"I feel like I work 24/7. I get really tired. I want to be really excited when I go into a class, but sometimes I can't help showing my tiredness."
Another issue many teachers complain about is poor teaching methodology.
Jang Ji-young, a Seoul elementary school teacher, believes "the way of teaching English in Korea is very limited. ... The content of the curriculum is not interesting or realistic enough. We learn English with grammar first, and we use the textbook."
Jang says emphatically, "Outside of the classroom, students need to experience some cultural events or something that gives them more interest in learning English. But I think Korean students in general don't really have the chance to experience what language really is."
One of the biggest surprises about working in the Korean public school system for the over 20,000 native English speakers teaching here is the large classes.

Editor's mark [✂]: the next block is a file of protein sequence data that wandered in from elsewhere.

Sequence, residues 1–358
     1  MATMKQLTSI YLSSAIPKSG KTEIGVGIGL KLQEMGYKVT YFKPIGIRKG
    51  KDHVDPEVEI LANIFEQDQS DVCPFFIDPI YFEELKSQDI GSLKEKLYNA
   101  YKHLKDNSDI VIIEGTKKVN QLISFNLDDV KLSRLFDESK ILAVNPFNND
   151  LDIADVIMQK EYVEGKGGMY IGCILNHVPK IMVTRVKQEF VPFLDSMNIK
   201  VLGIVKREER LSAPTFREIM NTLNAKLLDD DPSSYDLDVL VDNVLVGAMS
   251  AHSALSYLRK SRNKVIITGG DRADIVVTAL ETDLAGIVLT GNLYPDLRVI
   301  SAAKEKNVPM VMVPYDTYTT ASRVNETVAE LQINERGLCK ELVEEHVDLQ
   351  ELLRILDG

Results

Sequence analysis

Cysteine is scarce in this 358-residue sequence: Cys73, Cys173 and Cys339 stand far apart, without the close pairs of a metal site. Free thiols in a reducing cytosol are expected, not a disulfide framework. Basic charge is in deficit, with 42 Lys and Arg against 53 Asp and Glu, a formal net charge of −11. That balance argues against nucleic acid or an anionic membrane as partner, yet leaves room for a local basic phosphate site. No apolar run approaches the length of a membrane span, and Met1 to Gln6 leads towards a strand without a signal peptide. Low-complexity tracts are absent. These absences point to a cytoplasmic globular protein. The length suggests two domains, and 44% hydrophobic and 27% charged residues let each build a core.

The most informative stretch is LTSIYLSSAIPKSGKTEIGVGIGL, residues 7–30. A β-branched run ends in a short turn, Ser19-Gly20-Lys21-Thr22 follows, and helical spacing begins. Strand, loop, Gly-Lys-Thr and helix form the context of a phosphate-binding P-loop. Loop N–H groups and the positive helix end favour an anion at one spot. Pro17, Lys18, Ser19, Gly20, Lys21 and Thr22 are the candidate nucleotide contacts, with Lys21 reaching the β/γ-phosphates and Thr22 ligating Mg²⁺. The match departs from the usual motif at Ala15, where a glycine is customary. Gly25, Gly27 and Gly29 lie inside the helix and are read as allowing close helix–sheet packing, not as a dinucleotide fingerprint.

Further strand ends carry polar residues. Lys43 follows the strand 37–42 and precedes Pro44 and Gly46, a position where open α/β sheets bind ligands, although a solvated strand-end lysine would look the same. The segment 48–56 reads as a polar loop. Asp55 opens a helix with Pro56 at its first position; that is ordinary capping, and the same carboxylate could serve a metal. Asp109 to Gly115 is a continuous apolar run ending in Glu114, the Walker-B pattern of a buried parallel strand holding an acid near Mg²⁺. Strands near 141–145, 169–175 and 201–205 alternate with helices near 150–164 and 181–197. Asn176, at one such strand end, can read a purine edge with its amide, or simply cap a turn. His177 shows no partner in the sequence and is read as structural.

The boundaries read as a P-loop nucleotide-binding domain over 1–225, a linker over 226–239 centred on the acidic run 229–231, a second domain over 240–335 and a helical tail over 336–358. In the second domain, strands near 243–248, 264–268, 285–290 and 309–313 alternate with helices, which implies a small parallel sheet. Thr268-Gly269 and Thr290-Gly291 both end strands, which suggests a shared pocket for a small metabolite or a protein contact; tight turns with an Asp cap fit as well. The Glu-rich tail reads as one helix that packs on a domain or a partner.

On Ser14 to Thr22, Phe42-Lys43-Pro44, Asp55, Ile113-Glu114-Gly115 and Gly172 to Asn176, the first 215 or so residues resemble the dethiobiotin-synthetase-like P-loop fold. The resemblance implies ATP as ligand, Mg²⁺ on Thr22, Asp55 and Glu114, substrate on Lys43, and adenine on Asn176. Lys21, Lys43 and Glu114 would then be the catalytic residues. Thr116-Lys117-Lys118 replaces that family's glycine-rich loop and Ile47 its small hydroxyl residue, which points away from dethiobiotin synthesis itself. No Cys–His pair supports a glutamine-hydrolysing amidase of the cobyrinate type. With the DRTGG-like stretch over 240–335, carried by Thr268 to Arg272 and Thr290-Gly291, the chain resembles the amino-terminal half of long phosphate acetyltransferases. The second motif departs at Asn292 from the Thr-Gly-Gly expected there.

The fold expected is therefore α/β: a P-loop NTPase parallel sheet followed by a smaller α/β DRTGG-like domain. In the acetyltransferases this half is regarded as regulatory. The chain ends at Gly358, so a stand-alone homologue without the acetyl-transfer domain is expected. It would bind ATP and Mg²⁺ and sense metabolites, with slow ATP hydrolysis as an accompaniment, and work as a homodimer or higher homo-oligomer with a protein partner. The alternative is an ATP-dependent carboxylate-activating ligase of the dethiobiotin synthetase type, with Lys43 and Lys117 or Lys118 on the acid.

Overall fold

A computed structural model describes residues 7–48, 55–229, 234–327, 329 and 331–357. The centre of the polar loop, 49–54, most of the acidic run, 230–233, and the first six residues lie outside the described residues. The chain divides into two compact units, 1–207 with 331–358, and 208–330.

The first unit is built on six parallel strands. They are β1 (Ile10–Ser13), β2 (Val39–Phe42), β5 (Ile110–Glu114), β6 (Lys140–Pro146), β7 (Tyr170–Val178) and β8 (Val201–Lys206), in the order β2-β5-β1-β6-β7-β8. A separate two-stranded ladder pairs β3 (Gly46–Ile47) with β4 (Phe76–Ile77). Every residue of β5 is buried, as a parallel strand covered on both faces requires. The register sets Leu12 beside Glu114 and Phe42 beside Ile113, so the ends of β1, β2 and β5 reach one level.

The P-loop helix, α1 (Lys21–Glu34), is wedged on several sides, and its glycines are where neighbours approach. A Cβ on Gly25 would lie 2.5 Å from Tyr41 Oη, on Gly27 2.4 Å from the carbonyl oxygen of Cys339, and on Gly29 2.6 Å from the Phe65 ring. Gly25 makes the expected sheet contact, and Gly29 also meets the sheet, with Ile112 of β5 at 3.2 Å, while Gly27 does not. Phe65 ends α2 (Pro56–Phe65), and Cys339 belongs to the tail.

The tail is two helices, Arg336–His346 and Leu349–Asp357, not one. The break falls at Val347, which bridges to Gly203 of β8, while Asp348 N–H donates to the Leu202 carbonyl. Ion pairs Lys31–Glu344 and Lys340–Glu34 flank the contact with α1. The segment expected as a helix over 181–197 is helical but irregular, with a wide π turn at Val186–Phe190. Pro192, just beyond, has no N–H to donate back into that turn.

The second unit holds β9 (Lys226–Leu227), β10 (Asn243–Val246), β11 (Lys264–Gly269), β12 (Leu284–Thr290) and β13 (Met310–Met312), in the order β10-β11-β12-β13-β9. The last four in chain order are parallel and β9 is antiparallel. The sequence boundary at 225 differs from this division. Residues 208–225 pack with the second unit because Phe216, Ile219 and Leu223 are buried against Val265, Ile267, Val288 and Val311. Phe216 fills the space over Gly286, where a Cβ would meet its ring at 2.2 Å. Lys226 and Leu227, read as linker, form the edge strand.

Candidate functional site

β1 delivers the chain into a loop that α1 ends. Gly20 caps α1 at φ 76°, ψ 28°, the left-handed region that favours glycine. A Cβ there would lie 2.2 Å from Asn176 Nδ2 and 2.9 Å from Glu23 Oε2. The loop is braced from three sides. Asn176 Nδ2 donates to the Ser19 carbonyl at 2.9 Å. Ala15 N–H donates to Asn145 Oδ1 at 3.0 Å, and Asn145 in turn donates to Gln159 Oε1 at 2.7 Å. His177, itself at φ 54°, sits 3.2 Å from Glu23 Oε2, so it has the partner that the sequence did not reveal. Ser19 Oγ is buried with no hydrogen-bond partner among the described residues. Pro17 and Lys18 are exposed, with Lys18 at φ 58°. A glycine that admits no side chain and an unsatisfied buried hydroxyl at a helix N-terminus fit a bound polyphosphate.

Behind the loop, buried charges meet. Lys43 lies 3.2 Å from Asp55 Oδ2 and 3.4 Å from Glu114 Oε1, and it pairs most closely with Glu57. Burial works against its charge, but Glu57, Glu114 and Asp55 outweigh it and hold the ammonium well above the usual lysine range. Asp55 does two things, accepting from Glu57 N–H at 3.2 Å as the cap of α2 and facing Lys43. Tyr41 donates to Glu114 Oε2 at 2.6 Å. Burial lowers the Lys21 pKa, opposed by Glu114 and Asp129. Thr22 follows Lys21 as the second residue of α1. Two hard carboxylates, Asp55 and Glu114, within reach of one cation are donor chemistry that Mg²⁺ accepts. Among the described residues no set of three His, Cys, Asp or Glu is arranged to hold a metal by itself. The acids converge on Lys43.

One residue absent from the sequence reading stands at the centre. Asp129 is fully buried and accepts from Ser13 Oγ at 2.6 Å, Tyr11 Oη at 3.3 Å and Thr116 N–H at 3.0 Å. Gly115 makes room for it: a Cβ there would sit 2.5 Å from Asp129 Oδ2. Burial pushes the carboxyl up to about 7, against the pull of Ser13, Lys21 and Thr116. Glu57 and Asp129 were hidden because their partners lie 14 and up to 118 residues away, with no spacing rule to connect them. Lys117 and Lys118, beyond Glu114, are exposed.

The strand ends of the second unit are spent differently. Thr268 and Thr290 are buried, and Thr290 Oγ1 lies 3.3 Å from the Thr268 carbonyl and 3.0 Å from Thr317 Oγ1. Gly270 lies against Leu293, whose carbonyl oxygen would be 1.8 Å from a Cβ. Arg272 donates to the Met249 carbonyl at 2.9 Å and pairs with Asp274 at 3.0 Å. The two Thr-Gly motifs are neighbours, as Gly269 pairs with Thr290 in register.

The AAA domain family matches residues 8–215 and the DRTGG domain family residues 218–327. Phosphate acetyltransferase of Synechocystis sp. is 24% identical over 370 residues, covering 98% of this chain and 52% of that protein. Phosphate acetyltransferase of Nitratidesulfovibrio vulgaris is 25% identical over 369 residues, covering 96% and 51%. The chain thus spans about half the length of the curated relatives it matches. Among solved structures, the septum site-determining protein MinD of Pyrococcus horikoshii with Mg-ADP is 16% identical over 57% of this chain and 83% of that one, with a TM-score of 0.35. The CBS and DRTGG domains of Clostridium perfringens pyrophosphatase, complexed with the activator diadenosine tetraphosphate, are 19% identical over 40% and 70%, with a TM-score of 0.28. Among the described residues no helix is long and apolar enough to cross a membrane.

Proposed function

"The one thing I find constraining is the class size. The students need more speaking time, and time to be heard, and more personal attention in the classes," says Michelle Saunders, a middle school teacher from Cape Town.
During her three years of teaching in Korea, she quickly realized that with up to 40 students in a class, "It's so hard to keep everyone's attention and have an impact."
Kim Young-kyoung, a retired secondary school teacher from Daejeon who taught English from 1964 to 1991, has seen the changes his country has gone through.
"When I began to teach, very few teachers spoke English, but now quite a few teachers speak English, not only in their classes, but anytime they have a chance to speak." Kim pauses as if to put everything into perspective, and then says grinningly, "But still we have miles to go."
The Miracle on the Han River a phrase which denotes Korea's meteoric economic rise has become somewhat cliched. Now, Korea is looking for a new miracle, an English miracle more aptly named for the River Thames that runs through England.
Graddol advises Koreans that becoming proficient in English shouldn't be their only goal.
"In a globalized world, English skills are important, but so are skills in other languages, along with the kind of broad experience and education that leads to creative and innovative thinking."
He adds: "English allows you to communicate to the world, but you need to have something, a unique cultural and educational offer that the world wants to hear."